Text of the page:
Following the siege St Andrews Castle is left a devastated ruin.
John Hamilton becomes the new Archbishop, and he makes some repairs to the castle.
1560 ~ The Reformation Act outlaws Catholicism. St Andrews Cathedral is abandoned and the Archbishop's castle drifts into ruin.
1571 ~ Archbishop John Hamilton supports Mary Queen of Scots, but is hanged, having been accused of being involved in the murders of Henry Stewart, Lord Darnley, and James Stewart, Regent Moray.
1587 ~ The ruined castle is annexed to the Crown.
1612 ~ The castle is restored to the new Protestant bishops. However, the castle has by now lost its importance, and later the town council has stone removed from the castle to repair the harbour.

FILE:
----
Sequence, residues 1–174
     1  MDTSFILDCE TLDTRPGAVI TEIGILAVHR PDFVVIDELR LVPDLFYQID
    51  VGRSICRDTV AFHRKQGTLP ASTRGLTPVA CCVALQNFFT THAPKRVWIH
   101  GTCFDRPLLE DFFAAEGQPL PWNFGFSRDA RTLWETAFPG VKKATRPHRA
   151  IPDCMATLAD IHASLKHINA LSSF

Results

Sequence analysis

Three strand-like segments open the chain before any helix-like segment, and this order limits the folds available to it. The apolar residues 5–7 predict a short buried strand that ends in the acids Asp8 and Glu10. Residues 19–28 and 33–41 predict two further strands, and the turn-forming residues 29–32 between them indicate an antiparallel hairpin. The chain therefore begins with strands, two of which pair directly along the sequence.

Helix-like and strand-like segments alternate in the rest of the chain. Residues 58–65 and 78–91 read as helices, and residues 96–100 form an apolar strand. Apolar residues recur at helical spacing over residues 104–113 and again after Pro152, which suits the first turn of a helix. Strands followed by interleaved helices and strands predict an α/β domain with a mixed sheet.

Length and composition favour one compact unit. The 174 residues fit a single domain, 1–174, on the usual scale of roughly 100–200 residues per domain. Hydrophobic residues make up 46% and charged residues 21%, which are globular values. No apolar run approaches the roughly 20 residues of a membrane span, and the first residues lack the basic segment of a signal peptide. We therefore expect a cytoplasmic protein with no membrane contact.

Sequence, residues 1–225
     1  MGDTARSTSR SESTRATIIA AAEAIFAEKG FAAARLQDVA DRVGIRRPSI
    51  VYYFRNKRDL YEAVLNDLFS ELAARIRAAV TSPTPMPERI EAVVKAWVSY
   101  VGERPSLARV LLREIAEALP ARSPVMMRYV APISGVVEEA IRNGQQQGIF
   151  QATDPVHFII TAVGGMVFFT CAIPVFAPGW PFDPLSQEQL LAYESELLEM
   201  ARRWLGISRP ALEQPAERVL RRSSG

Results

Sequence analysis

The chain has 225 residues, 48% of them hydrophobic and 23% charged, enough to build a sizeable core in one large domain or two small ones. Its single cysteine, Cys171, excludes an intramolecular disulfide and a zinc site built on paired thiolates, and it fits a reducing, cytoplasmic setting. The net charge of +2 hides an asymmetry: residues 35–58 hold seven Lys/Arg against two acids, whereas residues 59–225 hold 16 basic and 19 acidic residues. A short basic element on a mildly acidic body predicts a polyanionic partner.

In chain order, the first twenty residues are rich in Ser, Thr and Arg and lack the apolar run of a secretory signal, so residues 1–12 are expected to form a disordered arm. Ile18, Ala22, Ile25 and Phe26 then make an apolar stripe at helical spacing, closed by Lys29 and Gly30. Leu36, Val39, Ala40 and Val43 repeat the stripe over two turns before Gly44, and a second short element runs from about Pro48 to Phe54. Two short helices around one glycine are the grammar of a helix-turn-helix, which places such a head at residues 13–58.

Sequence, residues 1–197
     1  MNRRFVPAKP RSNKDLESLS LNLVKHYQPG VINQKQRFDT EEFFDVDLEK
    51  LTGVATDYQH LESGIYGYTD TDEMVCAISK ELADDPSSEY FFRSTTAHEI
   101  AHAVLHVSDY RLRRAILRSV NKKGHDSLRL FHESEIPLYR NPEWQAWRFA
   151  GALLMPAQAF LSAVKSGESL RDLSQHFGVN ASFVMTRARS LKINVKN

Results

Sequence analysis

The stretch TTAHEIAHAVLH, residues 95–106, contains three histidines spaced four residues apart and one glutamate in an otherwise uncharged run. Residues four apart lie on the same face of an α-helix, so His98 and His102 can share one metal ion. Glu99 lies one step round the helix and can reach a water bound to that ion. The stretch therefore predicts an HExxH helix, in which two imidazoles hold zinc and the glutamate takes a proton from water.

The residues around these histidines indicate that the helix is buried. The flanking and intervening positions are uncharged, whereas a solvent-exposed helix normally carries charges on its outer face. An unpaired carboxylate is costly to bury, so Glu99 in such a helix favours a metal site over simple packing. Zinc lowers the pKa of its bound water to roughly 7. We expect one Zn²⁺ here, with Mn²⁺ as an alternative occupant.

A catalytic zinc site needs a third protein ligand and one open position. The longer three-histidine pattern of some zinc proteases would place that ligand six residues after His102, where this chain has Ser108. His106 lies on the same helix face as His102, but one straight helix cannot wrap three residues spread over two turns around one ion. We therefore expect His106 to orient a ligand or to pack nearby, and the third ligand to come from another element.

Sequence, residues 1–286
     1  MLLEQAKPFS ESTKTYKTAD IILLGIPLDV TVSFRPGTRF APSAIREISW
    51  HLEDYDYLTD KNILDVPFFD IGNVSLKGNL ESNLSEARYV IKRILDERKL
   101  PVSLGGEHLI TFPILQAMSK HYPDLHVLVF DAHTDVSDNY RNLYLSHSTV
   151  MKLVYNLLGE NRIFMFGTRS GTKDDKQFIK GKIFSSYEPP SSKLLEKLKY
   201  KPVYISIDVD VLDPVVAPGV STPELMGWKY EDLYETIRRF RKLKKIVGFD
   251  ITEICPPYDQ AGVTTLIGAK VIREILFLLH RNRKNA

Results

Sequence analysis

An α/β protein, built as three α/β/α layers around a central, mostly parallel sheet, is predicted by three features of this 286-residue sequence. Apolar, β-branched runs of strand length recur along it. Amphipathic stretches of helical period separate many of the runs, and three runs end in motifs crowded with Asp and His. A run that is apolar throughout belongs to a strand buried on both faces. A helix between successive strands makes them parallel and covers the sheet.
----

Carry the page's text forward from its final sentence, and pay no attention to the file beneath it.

1679 ~ Archbishop James Sharp proves to be an unpopular Protestant bishop, and he is brutally murdered in front of his daughter at Magus Moor.
A religious community has existed at St Andrews since the early eighth century and later the Bishop of Scotland's chief residence.
Today the ruins of the castle overlooking castle beach provides a magnificent reminder to St Andrews history.
St Andrews is a popular tourist destination so expect crowds when visiting both the town and castle. There is limited parking at the castle, but plenty nearby which will involve a pleasant stroll through the historic town or walk along the promenade.
There are few castles of such historical importance and is well worth a visit to explore its walls and pleasant beaches and surrounding old buildings.